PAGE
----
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Old 11-11-2005, 08:34 PM   #1
Shou
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Default Tablet FAQ (read before asking about tablets)



PART I

What is a tablet and how does it work?
Tablets are like a "pen & paper" input for your computer. The stylus is the pen like device in the picture, it works pretty much like a mouse on the tray but the tip is pressure sensitive. The tray has an active area that tracks the stylus, where the stylus is on the tray is also exactly where you would be on the screen. You can get them in different sizes as well.

Like said before it works just like a mouse. A tablet controls the mouse cursor on the screen, that means you can use it with any program that uses a mouse. You can have a regular mouse and a tablet hooked up at the same time, most people keep their regular mouse and only use their tablet for art since a regular mouse is still more intuitive for navigating around the Operating System.

Why do I need a tablet?
The main reason is pressure sensitivity, which is used in all major art programs. The harder you press on the stylus will determine things like the opacity of a brush stroke, the size, or whatever else you choose in the pressure settings. These things are impossible to do with a mouse. Without pressure sensitivity its like trying to paint a picture with the back of a paintbrush rather than with the bristles.

Another reason is that its obviously easier and faster to draw with. Even the best and most expensive mouse is no replacement for drawing with a tablet.

Will my art program work with a tablet?
If its a decent program then it most likely will.

Good programs to use are:
Photoshop (any version)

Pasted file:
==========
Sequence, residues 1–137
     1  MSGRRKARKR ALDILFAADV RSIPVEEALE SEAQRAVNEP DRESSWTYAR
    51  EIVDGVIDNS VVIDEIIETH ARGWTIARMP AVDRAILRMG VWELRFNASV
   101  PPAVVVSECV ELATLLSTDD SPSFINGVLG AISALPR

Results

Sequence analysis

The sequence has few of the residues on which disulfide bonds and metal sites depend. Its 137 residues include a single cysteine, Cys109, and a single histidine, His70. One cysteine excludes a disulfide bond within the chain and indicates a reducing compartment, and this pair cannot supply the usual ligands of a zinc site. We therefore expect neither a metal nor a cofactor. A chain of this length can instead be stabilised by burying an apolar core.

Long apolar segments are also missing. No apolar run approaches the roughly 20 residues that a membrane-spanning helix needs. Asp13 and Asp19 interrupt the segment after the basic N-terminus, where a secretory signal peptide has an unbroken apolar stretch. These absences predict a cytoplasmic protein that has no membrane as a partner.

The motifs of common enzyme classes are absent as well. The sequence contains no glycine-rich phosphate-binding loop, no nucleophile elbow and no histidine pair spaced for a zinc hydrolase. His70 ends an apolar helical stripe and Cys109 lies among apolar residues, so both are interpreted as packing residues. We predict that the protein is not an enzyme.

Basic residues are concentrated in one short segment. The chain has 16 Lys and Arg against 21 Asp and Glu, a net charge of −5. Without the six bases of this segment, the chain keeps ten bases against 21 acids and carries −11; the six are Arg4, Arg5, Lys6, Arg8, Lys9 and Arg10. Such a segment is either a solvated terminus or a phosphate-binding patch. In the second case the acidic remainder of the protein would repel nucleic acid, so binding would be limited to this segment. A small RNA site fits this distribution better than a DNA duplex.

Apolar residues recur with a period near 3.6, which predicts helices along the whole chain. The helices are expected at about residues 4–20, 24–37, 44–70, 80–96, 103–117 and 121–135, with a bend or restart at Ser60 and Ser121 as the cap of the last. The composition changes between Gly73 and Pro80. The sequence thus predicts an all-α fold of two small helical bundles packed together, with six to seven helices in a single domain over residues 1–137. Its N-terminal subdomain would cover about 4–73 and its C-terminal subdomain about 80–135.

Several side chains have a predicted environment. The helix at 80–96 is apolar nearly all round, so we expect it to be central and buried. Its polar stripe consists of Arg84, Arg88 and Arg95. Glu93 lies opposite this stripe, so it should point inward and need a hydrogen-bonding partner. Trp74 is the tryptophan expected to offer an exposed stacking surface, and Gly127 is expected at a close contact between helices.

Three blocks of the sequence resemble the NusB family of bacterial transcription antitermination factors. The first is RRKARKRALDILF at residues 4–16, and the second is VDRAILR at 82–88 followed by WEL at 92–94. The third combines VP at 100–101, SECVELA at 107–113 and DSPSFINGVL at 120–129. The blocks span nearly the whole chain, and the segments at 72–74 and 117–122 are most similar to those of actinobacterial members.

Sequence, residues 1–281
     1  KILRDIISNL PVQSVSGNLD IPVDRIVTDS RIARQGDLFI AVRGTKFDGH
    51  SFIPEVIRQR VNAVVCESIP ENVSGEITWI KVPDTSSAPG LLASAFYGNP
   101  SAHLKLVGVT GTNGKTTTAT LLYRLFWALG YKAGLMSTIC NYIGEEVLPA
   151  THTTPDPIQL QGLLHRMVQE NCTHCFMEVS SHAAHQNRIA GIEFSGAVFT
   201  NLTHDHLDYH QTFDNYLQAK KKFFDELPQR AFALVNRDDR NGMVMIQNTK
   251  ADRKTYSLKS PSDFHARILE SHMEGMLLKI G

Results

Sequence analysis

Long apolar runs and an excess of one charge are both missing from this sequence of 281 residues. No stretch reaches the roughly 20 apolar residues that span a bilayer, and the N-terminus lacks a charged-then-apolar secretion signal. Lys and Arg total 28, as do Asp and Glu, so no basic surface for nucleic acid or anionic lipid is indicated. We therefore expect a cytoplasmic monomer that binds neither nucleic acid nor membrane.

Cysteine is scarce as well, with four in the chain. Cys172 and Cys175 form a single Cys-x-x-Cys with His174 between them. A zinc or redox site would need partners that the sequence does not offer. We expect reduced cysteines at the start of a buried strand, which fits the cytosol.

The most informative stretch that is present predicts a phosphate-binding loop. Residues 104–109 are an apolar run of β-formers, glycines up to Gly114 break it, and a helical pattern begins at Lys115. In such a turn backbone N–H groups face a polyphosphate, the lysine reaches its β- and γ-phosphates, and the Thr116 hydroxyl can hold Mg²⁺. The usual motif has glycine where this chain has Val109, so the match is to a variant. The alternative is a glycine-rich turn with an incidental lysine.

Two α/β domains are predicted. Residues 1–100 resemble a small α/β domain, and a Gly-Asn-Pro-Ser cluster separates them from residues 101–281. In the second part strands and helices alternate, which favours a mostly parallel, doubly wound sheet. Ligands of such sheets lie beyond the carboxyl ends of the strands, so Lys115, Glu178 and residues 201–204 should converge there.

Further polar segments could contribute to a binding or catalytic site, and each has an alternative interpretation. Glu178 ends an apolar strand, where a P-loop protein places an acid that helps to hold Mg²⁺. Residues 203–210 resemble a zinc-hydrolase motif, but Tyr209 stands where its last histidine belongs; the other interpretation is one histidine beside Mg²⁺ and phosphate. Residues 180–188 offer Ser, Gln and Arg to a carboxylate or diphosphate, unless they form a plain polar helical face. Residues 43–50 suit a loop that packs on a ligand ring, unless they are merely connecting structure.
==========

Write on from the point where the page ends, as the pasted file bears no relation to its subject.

Painter
Open Canvas
Alias Sketchbook Pro

You can enable different pressure settings through the brush settings of those programs. Some of them even support features like the tilt of the pen (assuming you have an Intuos tablet)


PART II

Whats the best tablet brand?
Without a question, Wacom is the best and really the only option. Other brands have tried to sell tablets but they quickly faded away since they cant compete with Wacom. Most people get either a Graphire or Intuos from Wacom.

What's the difference between Graphire and Intuos?
The Wacom Intuos models are the best. Its their professional series. Intuos 3 tablets have 1,024 levels of pressure sensitivity and 5,080 lpi for the resolution (accuracy). They come in a variety of sizes as well. Intuos tablets are rather expensive. The 6x8 Intuos 3 is pictured above.

Graphire tablets are their consumer line and are much cheaper than an Intuos. They feature 512levels of pressure sensitivity which is half of an Intuos, and not nearly as accurate. But even with the accuracy being much less than an Intuos 3 they are still a lot more accurate than a mouse, so theres no need to worry. Graphires are available in 2 sizes, 4x5" and 6x8"

Intuos: http://www.wacom.com/productinfo/intuos.cfm
Graphire: http://www.wacom.com/graphire/index.cfm

Can you only make good art with an Intuos?
No. Graphires are perfectly capable of doing art just as good as an Intuos. 512 levels of pressure is still quite a bit and you will barely notice the difference between it and the 1,024 levels that the Intuos provides. The biggest difference I think is that the Intuos has a much stronger signal between the pen and tablet, so theres little to no interference. The signal in the Graphire is weak so some people may experience their cursor jitter on the screen, it seems to depend on where you live since some people dont get a jittery cursor when using a Graphire. The jittering barely affects your art though, it mainly just makes selecting small areas a pain (such as grabbing window edges).